A second concern is an inequity of the relative personal power of the aggressor and victim. Some students develop disorders that attract the diagnosis of narcissism, sociopathy or even psychopathy. These students care little about the feelings of their victims and in fact they enjoy seeing them suffer. This presents a huge problem for meetings facilitated using a restorative justice approach. You can rest assured that both the victim and perpetrator know where each stands; the victim understands they are no match for the perpetrator and the latter will even enjoy playing with the facilitator. I have seen these people in action, to the uninformed facilitator the perpetrator will admit to all their wrong-doings, they are only too willing to apologize to the victim. Both the perpetrator and the victim know that if the victim doesn’t declare satisfaction with the process and ‘forgive’ the perpetrator once the process is over they will be dealt with! In these cases, the facilitator will report an ‘excellent outcome’ where punishment was avoided!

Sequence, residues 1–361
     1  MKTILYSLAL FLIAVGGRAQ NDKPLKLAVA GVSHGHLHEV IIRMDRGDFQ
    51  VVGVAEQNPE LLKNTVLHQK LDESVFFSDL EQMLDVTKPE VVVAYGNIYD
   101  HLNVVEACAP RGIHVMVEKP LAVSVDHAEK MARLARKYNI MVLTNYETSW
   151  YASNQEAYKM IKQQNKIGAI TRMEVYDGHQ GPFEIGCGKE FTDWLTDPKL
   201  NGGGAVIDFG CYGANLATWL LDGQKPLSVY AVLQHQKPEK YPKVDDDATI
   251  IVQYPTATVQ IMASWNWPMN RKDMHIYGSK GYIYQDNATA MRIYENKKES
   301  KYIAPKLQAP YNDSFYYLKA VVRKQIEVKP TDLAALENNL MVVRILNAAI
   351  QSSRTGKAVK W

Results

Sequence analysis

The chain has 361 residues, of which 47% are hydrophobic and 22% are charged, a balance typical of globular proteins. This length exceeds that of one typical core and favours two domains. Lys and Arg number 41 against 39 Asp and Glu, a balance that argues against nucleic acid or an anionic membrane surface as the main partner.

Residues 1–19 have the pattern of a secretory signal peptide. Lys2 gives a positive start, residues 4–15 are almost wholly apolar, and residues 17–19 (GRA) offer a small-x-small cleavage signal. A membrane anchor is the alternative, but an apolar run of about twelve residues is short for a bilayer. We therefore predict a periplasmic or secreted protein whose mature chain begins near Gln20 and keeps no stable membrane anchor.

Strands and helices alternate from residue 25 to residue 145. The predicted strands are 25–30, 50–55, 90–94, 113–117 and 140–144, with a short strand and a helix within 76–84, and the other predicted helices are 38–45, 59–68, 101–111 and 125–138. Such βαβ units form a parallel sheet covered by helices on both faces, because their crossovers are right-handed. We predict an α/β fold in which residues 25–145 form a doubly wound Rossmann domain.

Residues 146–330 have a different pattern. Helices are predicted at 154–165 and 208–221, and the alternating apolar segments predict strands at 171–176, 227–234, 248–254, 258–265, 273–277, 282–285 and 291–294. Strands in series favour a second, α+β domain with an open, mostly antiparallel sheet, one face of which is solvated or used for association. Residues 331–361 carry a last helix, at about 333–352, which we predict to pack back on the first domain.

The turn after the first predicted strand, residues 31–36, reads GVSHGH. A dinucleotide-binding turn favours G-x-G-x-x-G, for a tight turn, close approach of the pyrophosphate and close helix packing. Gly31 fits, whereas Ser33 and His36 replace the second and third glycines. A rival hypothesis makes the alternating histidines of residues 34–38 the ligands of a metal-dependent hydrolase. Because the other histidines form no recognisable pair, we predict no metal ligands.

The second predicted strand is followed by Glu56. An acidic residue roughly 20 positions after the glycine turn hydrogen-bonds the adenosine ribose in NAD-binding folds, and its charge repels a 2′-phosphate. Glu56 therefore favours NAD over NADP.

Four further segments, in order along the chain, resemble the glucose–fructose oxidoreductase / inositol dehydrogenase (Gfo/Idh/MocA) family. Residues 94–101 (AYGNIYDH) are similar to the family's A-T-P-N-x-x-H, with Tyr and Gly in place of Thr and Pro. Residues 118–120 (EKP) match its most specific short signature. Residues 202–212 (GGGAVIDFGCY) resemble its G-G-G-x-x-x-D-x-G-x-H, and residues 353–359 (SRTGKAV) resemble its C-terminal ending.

The danger of using restorative justice practices for disputes between individuals is fraught with danger. Of course, there are cases where the approach will benefit all involved but this is not as likely when you are dealing with students whose dysfunctional behaviour caused the dispute. These very damaged kids do not have the personal qualities developed to undertake what is a relatively sophisticated process. This is why our approach of providing structure, expectations within a caring and supportive environment is important. Eventually these kids will start to develop the qualities of trust and a healthy sense of their own worth. If this can be achieved then these students could benefit from restorative justice but we would hope that by then there would be no need of this approach!